In my opinion the biggest mistake after Andijan was do not include Karimov into the list of sanctioned persons. He is chief comander and he obviosely ordered to open the fire: this is fact! If Karimov was sanctioned – in 2006, during the Saddam’s trial and especially in November 2006 (death penalty) Karimov’s era would be finished…

Speaking about military cooperation: forget about equipment! US consultant should explain to Uzbek military what they should no open fire to civilian, even after receiving the order from comander ! Also to BARS unit, who now under SNB this should be well explained. After Andijan high SNB and military officers ( who knew the Andijan’s reality)had feeling ( desided) what they will not obey to criminal order to open the fire to civilians, but i can’t say what low officers will also refuse.

Abdurakhim October 30, 2011 at 12:30 pm

So many words. Very simple equation. US wants out of AF in the quickest, easiest way possible. They don’t care about the vacuum post-AF. China is already filling in (see CNPC investment in AF gas deposits, copper mines). Roads from TJ to AF paved with CN money. USA wants out out out of trillion dollar holes. Let RU and CN finance the future headaches. US presence in AF was actually a peaceful interlude between wars. UZ? Embargoes? Human rights? Huh? All of US (DOD/DOS/POTUS now and future) wants CA as a very distant vision in the rear view mirror, fading fast…bye bye. No intrigue, no Great Game. Sorry.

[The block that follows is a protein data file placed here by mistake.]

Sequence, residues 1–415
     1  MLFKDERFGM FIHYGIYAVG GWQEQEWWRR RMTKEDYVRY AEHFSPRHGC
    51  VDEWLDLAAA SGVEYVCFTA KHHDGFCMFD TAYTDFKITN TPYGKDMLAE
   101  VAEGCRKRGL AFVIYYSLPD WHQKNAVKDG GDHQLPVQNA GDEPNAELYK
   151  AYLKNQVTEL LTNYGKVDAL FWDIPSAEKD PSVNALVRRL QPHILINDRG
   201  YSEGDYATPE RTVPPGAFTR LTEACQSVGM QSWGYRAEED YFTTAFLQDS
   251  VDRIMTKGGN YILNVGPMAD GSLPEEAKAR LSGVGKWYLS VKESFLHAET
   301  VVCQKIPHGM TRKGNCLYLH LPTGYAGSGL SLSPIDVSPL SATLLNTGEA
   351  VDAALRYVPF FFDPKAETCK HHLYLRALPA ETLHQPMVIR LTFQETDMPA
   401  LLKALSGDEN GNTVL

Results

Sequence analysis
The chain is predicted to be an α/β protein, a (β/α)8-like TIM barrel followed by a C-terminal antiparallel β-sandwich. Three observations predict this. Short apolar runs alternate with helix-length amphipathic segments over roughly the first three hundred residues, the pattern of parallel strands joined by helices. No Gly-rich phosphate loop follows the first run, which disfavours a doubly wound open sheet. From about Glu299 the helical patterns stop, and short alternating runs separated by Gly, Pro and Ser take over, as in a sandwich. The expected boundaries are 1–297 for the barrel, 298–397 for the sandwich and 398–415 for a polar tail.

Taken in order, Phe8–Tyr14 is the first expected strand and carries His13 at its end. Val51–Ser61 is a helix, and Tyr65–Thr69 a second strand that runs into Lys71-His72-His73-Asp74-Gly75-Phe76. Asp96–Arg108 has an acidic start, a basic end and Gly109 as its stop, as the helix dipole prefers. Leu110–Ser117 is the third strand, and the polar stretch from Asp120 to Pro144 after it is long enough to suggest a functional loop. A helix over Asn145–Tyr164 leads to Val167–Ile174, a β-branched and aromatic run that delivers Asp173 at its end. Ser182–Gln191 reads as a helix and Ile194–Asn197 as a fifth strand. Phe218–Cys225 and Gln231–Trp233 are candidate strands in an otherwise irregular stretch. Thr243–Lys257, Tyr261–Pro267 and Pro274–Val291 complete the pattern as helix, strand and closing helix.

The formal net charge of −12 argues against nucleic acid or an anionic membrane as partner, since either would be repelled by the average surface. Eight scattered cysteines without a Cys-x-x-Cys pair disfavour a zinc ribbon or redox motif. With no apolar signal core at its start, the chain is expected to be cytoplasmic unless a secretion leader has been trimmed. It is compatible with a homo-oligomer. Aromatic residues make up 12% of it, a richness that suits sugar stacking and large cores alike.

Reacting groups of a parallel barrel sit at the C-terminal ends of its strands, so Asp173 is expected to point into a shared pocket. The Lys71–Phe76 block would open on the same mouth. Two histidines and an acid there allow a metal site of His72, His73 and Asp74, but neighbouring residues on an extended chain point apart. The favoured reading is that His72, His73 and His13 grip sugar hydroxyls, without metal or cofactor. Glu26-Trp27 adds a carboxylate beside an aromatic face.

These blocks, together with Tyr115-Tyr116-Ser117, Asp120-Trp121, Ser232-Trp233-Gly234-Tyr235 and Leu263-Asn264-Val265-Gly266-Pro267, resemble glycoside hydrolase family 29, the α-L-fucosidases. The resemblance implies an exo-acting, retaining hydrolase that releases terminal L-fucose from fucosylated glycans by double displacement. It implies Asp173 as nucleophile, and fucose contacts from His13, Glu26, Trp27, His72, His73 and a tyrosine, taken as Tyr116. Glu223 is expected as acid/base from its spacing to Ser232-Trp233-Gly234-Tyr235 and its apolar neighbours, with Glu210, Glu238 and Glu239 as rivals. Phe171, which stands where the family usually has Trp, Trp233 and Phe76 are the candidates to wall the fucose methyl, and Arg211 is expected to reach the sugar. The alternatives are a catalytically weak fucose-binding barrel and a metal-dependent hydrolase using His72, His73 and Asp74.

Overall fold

Xenophon November 8, 2011 at 9:20 pm

“No intrigue, no Great Game. Sorry.”

The quickest, easiest way for the US to exit Afghanistan would be to announce a date and then execute. Do you see that happening? The US may be forced out by a combination of financial difficulties and strategic failure, but it won’t be a willing departure any more than it was in Iraq. The only thing that might change that would be a successful overthrow of the Iranian government. Not likely.

The only thing you say that makes any sense is your observation about the Chinese economic presence. And somehow that translates in your mind into no Great Game?? LOL.